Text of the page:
Born at Antwerp, about the year 1625. He lived sometime at Venice, and was an excellent painter of all kinds of animals, to which he gave a natural, bold, and elegant expression. He studied nature incessantly, and imitated her with the utmost truth and exactness. His colouring is strong and his touch firm, with a wonderful freedom of hand, and manner of pencilling peculiar to himself, which easily distinguish the works of Fyt from any other master. His general subjects were live and dead game, wild bears, hares, dogs, fruit, flowers, and birds, particularly partridges, which he touched with surprising truth, nature and strength, describing the hairs of his animals and the plumage of his fowl, with wonderful spirit, exactness, and freedom of pencil. Some of his pictures passed into Spain, from which place the two specimens by him were originally brought. They are extremely scarce and valuable, as are also his etchings. (On canvass--4 ft. 10 inh. by 3 ft. 11 inh.) [P. 13; see entry 01850031 for companion piece.]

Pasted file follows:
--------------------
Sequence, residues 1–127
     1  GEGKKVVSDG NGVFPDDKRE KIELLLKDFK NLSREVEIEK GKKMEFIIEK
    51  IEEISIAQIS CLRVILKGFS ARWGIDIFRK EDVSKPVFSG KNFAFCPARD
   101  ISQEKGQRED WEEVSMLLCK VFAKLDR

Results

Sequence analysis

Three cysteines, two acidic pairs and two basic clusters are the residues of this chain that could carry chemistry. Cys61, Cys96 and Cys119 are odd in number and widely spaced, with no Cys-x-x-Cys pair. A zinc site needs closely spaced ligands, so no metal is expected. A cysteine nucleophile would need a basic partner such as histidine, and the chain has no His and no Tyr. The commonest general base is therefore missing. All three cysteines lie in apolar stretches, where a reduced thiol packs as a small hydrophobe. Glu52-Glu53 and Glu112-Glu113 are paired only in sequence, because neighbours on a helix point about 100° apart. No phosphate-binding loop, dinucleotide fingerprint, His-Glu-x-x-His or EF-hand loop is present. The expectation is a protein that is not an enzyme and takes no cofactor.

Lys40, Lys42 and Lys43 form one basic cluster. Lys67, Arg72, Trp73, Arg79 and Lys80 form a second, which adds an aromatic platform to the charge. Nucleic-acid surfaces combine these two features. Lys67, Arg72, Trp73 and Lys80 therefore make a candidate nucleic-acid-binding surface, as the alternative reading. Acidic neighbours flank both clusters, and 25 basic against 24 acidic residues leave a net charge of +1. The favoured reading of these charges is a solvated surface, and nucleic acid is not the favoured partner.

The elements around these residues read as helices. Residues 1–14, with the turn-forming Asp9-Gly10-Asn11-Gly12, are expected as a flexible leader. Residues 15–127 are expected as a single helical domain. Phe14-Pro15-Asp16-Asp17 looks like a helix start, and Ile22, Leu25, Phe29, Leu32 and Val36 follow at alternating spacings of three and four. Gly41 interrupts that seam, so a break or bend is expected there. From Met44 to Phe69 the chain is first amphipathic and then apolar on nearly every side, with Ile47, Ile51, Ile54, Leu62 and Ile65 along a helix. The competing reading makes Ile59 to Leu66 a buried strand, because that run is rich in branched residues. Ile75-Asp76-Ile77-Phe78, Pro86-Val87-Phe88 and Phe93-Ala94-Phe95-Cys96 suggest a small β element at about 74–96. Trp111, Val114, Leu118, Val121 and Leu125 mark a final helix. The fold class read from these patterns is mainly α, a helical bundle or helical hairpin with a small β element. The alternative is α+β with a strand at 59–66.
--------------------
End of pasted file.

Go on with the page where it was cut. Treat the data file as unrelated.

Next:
Catalogue of Paintings, by the Great Masters, including Specimens of the First Class, of the Italian, Venetian, Spanish, Flemish, Dutch, French, and English Schools. It penetrates the inward recesses of the soul--even surpassing the power and force of eloquence.--Quintillian on the Art of Painting. Boston: Press of John H. Eastburn.